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2009 - 25 years of Santa Barbara

Timothy Gibbs : «Santa Barbara's fans made my stint possible.»

 By Nicolas, exclusively for Santa Barbara : le site Francais, December 2009

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On December 23 2009, Timothy Gibbs agreed to take on his time to answer exclusively the questions of Santa Barbara : le site Francais. The actor talks about his debuts, the Santa Barbara years as Dash Nichols, and his career since his departure from the show.

The beginnings before Santa Barbara

At first, I'd like you to tell us a little about you : How old are you today ? Where do you live ? Do you live in couple or have children ?

No sweat : I'm 42. I live in the South of Spain and New York City, NY. These days I am in Spain more than New York purely out of love for the place. I am not living "in a couple" situation or anything resembling one. I'm single now. Divorced - to be precise. No children - I'm a child myself, for God's sake...

To know you better, what did you brought from yourself in the character of Dash Nichols ?

Pretty much everything. Dash and I were nearly homogeneous. Save for the rape of Julia. I was hanging on for dear life on that show. It was my first soap and I was perpetually stunned by the speed at which everything was accomplished, so there was no time for twenty-something Tim to get too creative. I threw all of my expressions and emotions in there and just hoped I didn't look overly stupid amongst all the pros that were roaming around that place.

You started your acting career very young. How did you start in the business ?

I was playing what we call in The States "Pop-Warner" football or little league football - American football, not that Euro footsie stuff. I was 11 years young. My coach was a commercial director. He went to my parents and said, "Mr. and Mrs. Gibbs, your son is smaller than my 8 year old daughter and he sucks at Football - he's gonna get killed out there". So... He put me in one of his commercials to save my life. The rest, my friend, is history. Literally.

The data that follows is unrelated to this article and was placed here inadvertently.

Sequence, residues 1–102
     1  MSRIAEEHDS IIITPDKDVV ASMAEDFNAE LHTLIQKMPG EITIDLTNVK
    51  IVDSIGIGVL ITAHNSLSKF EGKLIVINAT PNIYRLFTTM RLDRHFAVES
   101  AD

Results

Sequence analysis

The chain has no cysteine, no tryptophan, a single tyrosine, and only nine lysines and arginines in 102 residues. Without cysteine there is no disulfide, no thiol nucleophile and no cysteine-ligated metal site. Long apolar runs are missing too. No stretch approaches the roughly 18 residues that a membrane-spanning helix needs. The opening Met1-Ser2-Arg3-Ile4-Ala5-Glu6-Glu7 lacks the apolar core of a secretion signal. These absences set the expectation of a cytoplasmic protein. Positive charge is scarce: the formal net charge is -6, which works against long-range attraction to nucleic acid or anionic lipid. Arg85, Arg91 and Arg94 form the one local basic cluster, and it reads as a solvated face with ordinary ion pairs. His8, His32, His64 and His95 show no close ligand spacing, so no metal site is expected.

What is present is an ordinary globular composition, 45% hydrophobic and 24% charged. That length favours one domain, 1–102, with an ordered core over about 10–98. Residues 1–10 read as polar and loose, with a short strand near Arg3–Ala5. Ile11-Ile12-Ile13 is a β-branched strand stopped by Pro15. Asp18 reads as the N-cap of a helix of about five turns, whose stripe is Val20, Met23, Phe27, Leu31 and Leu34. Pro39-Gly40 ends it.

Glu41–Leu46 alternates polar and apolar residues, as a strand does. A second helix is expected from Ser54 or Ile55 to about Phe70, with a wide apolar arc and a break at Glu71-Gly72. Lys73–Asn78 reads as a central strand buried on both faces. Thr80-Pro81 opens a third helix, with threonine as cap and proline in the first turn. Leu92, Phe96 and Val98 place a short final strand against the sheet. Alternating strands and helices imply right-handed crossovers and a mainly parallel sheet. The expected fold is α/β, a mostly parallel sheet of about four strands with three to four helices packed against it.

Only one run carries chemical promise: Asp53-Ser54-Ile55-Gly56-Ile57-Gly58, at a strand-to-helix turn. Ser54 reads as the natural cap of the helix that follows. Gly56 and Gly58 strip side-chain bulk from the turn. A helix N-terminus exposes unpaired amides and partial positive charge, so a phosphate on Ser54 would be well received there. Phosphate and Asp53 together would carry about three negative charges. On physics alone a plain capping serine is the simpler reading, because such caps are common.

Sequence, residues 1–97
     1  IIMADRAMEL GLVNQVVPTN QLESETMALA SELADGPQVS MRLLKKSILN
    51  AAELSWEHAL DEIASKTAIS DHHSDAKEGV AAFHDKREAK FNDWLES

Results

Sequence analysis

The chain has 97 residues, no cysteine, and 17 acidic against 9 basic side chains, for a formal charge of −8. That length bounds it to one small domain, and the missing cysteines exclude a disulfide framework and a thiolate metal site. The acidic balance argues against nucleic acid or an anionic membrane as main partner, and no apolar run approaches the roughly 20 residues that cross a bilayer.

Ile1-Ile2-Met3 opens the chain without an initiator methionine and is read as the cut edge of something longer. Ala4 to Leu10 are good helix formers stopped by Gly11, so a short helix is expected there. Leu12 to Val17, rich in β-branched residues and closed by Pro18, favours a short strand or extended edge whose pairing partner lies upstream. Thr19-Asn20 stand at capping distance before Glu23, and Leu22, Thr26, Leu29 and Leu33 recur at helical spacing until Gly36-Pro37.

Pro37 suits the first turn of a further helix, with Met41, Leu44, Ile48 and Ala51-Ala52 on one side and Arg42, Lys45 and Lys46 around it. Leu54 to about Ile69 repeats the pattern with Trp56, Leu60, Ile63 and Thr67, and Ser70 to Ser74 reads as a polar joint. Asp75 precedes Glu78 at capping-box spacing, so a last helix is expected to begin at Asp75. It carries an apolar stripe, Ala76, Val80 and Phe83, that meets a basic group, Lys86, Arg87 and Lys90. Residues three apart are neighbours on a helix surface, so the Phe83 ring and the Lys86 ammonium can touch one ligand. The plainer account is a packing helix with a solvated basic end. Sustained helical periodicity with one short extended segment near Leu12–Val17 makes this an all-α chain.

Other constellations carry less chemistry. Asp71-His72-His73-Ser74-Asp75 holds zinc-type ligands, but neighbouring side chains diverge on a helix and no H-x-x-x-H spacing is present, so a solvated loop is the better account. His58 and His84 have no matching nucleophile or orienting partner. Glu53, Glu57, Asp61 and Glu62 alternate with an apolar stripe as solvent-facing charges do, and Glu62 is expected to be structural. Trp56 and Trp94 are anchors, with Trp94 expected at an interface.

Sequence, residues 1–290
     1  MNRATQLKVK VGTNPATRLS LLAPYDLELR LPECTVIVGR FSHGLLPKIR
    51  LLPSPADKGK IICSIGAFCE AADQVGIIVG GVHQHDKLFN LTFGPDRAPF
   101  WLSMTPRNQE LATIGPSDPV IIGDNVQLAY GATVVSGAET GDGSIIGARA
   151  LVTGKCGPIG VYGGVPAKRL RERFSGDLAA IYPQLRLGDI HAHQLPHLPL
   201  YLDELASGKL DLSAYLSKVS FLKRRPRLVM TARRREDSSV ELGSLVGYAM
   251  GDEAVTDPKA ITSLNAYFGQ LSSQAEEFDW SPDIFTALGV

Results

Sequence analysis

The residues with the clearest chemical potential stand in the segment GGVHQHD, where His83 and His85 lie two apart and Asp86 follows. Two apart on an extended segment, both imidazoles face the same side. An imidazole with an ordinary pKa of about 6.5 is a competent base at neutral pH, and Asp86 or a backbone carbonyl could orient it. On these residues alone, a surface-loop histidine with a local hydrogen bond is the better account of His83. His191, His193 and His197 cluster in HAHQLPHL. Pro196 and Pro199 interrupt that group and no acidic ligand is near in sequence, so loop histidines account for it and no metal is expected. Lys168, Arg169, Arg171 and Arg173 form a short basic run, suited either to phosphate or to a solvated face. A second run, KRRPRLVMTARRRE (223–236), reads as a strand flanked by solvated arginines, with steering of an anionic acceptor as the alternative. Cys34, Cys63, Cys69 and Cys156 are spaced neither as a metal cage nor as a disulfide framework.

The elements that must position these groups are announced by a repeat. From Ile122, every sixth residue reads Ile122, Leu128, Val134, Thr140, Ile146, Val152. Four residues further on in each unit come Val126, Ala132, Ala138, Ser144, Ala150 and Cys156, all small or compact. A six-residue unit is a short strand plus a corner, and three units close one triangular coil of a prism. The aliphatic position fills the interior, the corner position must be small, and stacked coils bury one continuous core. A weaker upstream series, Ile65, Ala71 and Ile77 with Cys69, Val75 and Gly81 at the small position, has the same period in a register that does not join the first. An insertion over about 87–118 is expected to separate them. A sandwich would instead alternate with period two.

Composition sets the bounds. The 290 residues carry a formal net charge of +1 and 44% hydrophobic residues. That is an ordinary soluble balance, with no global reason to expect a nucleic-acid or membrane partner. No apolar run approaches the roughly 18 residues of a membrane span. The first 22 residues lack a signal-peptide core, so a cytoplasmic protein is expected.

The time of Santa Barbara

How did you start in Santa Barbara ? Did you ever watch the show before ?

I actually had seen the show before but only because I dated a girl that was an actress on the show long before I was on it. She dumped me after a year or so - because my parents wouldn't let me leave with her to New Jersey to celebrate Christmas away from home. I was only 17. She needed a man without a curfew. The point is : I used to tune in Santa Barbara just to see her - when my brothers weren't around to give me hell for it...

I auditioned for Santa Barbara and got lucky. That's how it started on that show. Like any other show practically : You go into a room somewhere in "Hollywood" and you leave your guts on the floor while the executives are thinking about where or who they're eating for dinner. That time, they were paying attention. They said, "Okay... We'll take this one".

Do you remember how Dash was presented to you at first ?

"Dash"... What a f-cking name, right ? Louise Sorel used to call him "Semi-colon". That always made me smile. To be honest, I wasn't paying much attention to who or what the others may have thought this guy (Dash) was. The truth is nobody knew who he was. And until you make him something - nobody cares.

Ecology, which is now a huge society matter, was at the time (1990) quite new for the soap-opera world. Did you feel, at the time, some responsibility in playing a character involved in such a cause ?

No. I did not feel any responsibility to the environmental aspect. I should have, but I didn't. I was too worried about getting laid. Santa Barbara was always at the tip of the spear like that though. That show lead the way on many subjects of relevance.

As an ecologic activist, Dash first showed a nice side of himself, and there was a real chemistry between you and Nancy Grahn. But after the rape scene, the vision that the audience had of Dash really changed. What was your opinion - and maybe fears - when you discovered this storyline ? How did you deal with the sudden unpopularity it caused to Dash ?

I never really looked back on Dash or ever gave him much thought. I did that on purpose. On soaps, characters change their entire moral compass, along with all of their relative desires and principals at the drop of a hat. One day you are saving a group of unconscious nuns from a burning convent and the next day you are you are in bed with one of them - AFTER finding out she's your cousin. An actor would have to be more of an idealist than I to invest seriously in a character developed within such a format.

The days after the rape storyline were quite hard for Dash. Fortunately, he met Katrina Ruyker, a woman who didn't care of his dark past, and who helped him to win some redemption. How did you live, as an actor, this second life for your character ?